Over the past 10 years I have driven on and off as both a pizza delivery driver, and as a automotive transporter. Outside of my work life I also drive over 20,000 miles per year. I have professional driving experience in northern and southern states, and in all types of driving circumstances and weather. In the 15 years I have been able to drive, I have never been in an accident and have hardly had anything more than a speeding ticket. As such it is my hope to provide you with helpful tips and advice to improve your confidence and driving out on the road.
It's All About Confidence
Confidence is among the most important pieces of advice I can give. Whether you are a new driver or just want to know how to be a better driver, you have most likely been witness to less than ideal road conditions. Of course there are a wide variety of tough driving situations such as; hazardous weather, tight spaces, extreme drivers, traffic jams, construction, etc. The worst thing you can do regardless of circumstance is panic. A nervous and unsure driver is arguably more dangerous than the majority of road conditions. Your are better off standing by your decisions. If you begin to act on the road, follow through with your decision. Hesitation and stuttering after you have begun to make a choice is far worse than following through with a bad one. So stay calm at the wheel and be sure of yourself as it will help you to calmly analyze and maneuver through some of the toughest situations on the road.
Know Your Car
You might ask how much do I really need to know about my car to be good at driving it? The truth is, the more you know about your car and the greater interest you take in cars in general, the better off you will be at handling your vehicle. I'm not saying you need to go out and become an ASE certified mechanic to be a good driver. However, it helps greatly to know how a car should feel. Understanding just the basic mechanics of a vehicle helps you to understand how it should operate in your hands. Getting a feel for your car and other cars will improve your response to the vehicle should something go awry. There are two things I recommend as well. First, drive many different types of vehicles. Front wheel drive cars handle different from rear wheel drive vehicles. Trucks feel different than small cars. Different vehicles depending on size also have varying vantage points and blind spots as well. Second, (though it is not necessary) truly try to learn how to drive a manual transmission. Driving a stick shift helps to form a stronger bond between driver and car. I personally find driving a stick more enjoyable. A manual transmission also offers greater control and feel to your vehicle.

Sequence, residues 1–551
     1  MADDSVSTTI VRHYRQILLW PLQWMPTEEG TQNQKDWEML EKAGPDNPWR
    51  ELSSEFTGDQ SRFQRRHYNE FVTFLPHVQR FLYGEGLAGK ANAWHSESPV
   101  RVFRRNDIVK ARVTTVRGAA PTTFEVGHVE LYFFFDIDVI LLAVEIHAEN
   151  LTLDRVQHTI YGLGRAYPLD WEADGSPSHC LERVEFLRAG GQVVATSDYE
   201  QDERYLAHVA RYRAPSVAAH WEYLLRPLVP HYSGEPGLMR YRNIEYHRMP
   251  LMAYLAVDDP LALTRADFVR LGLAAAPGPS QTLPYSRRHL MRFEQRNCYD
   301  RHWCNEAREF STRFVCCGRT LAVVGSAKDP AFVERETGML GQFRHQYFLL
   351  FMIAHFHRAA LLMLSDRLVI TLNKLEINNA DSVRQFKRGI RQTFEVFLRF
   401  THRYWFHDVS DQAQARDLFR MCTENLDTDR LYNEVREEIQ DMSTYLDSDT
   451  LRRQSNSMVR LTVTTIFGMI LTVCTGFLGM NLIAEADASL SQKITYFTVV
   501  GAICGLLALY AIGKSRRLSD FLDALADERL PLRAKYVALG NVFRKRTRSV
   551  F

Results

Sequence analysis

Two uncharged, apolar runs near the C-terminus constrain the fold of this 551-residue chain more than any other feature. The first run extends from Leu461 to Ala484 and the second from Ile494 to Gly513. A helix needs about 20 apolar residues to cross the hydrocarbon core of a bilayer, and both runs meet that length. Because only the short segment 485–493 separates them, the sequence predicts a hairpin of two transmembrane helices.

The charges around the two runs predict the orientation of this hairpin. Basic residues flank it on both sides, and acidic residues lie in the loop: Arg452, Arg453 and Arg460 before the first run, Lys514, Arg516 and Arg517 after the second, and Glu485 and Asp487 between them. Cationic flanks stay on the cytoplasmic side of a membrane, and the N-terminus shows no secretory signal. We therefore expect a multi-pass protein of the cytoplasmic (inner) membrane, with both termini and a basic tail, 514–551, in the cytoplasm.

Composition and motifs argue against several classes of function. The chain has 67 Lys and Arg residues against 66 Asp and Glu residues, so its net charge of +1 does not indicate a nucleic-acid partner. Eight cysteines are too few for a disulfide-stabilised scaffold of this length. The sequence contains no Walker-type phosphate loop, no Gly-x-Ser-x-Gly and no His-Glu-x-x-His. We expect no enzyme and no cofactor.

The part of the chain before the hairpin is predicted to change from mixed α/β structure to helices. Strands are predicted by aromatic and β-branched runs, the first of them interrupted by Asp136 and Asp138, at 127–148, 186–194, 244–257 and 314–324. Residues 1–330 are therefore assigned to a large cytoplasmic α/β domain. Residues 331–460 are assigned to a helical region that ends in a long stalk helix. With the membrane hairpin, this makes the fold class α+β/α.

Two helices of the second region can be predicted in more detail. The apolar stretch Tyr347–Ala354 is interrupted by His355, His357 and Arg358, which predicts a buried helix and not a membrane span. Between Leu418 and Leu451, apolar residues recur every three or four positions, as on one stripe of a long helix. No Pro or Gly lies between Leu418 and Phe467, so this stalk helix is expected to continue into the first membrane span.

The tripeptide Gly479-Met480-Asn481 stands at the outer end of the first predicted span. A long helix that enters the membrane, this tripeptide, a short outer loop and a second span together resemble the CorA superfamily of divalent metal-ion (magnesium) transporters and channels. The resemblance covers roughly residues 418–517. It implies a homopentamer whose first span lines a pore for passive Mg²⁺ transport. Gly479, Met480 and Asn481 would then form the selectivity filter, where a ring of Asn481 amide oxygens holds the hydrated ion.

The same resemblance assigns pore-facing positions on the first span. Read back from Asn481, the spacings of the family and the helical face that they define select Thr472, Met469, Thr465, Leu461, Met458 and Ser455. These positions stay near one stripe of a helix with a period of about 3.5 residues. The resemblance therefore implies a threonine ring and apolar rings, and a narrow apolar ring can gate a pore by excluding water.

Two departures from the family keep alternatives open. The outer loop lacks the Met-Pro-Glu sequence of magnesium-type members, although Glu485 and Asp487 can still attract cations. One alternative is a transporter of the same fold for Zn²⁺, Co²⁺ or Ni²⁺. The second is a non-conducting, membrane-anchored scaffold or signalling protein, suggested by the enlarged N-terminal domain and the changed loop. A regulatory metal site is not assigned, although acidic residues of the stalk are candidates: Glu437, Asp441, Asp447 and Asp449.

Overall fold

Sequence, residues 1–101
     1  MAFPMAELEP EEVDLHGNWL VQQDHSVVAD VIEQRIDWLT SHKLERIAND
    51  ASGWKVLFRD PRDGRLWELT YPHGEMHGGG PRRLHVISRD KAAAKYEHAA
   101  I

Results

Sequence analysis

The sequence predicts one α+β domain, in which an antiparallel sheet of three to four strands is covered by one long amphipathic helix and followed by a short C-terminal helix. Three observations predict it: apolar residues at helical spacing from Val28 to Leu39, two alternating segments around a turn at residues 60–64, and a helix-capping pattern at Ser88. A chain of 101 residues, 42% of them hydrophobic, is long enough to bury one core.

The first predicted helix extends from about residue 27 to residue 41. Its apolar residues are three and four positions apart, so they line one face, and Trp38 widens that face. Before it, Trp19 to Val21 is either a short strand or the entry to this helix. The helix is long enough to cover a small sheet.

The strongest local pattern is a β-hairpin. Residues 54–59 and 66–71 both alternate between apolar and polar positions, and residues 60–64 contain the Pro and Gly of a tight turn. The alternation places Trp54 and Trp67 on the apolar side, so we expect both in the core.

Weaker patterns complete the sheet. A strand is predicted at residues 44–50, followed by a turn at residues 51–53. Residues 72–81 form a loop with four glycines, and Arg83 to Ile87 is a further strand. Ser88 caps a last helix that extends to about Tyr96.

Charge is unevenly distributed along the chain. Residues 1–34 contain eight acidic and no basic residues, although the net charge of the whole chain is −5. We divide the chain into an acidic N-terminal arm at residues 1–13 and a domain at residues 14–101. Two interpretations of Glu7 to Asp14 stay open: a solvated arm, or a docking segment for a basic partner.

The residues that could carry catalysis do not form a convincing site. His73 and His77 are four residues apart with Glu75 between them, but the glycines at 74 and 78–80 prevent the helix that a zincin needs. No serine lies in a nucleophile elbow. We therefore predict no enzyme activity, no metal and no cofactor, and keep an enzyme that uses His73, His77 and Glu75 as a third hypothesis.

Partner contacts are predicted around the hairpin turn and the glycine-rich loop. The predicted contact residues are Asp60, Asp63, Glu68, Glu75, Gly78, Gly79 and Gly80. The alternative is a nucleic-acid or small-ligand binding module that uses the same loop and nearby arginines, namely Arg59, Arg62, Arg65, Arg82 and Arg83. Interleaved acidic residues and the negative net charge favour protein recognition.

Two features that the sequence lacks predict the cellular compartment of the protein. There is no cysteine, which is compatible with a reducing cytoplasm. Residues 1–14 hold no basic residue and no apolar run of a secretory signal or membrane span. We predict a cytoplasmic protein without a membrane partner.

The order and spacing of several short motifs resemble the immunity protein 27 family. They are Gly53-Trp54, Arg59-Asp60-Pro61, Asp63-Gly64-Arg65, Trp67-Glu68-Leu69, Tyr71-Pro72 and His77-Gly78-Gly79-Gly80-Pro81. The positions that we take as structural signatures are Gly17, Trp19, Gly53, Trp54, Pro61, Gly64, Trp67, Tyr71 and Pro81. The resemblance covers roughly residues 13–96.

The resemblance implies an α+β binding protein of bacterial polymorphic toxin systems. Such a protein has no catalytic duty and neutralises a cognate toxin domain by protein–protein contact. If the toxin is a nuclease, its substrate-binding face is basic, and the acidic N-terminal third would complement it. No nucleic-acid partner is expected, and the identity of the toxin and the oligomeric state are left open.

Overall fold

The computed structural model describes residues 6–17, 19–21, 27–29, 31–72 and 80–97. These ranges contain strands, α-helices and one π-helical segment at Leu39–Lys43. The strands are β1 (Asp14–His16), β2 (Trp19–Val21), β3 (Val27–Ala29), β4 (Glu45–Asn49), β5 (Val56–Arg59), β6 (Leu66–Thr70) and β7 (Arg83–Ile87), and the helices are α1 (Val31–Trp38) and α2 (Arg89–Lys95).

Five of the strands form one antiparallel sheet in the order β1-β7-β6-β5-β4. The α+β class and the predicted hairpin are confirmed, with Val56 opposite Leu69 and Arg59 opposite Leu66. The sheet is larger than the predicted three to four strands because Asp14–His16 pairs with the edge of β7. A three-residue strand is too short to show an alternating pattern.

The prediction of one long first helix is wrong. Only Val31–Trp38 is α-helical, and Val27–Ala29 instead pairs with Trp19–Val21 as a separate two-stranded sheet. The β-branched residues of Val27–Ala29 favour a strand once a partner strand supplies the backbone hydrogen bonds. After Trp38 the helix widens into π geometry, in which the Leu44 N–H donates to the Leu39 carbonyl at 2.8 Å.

Position and Comfort
Comfortability in your vehicle is just as important as the tips I have offered so far. Being comfortable in your vehicle offers a better feel to your car, confidence, and less resistance to your actions. Adjust your seat to an appropriate feeling distance and height so you have optimal control of the steering wheel and pedals, as well as an ideal line of sight to the road and surroundings before adjusting your mirrors. Adjust all your mirrors to the most ideal position for expanding your view as much as possible while minimizing your blind spots. As a side note, getting comfortable with a 9 o'clock and 3 o'clock hand position on the steering wheel is actually more ideal than a 10 and 2 position. A 9 and 3 position reduces chance of injury should the air bag deploy and makes hand over hand steering more efficient.